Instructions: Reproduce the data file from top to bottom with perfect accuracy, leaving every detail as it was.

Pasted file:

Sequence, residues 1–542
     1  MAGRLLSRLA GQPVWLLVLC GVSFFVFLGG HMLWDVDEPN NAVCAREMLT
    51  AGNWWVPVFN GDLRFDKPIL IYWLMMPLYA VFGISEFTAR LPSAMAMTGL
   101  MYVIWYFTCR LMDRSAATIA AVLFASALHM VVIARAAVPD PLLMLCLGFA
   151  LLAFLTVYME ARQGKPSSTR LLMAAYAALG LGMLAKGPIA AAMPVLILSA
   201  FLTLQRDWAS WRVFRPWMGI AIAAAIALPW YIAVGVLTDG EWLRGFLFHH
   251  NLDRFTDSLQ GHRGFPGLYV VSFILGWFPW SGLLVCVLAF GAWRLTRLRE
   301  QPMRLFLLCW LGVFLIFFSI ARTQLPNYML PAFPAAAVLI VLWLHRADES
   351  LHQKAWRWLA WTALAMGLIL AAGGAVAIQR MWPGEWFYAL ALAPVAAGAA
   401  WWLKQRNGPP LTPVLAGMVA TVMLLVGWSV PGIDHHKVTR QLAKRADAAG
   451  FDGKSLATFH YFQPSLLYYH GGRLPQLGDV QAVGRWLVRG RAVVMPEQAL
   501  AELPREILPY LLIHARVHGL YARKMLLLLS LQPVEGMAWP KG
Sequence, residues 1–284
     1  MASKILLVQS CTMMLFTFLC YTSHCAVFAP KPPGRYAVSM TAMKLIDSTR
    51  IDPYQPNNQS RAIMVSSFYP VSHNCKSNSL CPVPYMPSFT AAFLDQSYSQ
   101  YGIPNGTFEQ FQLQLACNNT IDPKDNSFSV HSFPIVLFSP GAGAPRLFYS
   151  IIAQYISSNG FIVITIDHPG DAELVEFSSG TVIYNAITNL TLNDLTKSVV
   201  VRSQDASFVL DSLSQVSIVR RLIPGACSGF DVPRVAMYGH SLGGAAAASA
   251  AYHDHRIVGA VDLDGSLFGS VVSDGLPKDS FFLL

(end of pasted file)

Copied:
Sequence, residues 1–542
     1  MAGRLLSRLA GQPVWLLVLC GVSFFVFLGG HMLWDVDEPN NAVCAREMLT
    51  AGNWWVPVFN GDLRFDKPIL IYWLMMPLYA VFGISEFTAR LPSAMAMTGL
   101  MYVIWYFTCR LMDRSAATIA AVLFASALHM VVIARAAVPD PLLMLCLGFA
   151  LLAFLTVYME ARQGKPSSTR LLMAAYAALG LGMLAKGPIA AAMPVLILSA
   201  FLTLQRDWAS WRVFRPWMGI AIAAAIALPW YIAVGVLTDG EWLRGFLFHH
   251  NLDRFTDSLQ GHRGFPGLYV VSFILGWFPW SGLLVCVLAF GAWRLTRLRE
   301  QPMRLFLLCW LGVFLIFFSI ARTQLPNYML PAFPAAAVLI VLWLHRADES
   351  LHQKAWRWLA WTALAMGLIL AAGGAVAIQR MWPGEWFYAL ALAPVAAGAA
   401  WWLKQRNGPP LTPVLAGMVA TVMLLVGWSV PGIDHHKVTR QLAKRADAAG
   451  FDGKSLATFH YFQPSLLYYH GGRLPQLGDV QAVGRWLVRG RAVVMPEQAL
   501  AELPREILPY LLIHARVHGL YARKMLLLLS LQPVEGMAWP KG
Sequence, residues 1–284
     1  MASKILLVQS CTMMLFTFLC YTSHCAVFAP KPPGRYAVSM TAMKLIDSTR
    51  IDPYQPNNQS RAIMVSSFYP VSHNCKSNSL CPVPYMPSFT AAFLDQSYSQ
   101  YGIPNGTFEQ FQLQLACNNT IDPKDNSFSV HSFPIVLFSP GAGAPRLFYS
   151  IIAQYISSNG FIVITIDHPG DAELVEFSSG TVIYNAITNL TLNDLTKSVV
   201  VRSQDASFVL DSLSQVSIVR RLIPGACSGF DVPRVAMYGH SLGGAAAASA
   251  AYHDHRIVGA VDLDGSLFGS VVSDGLPKDS FFLL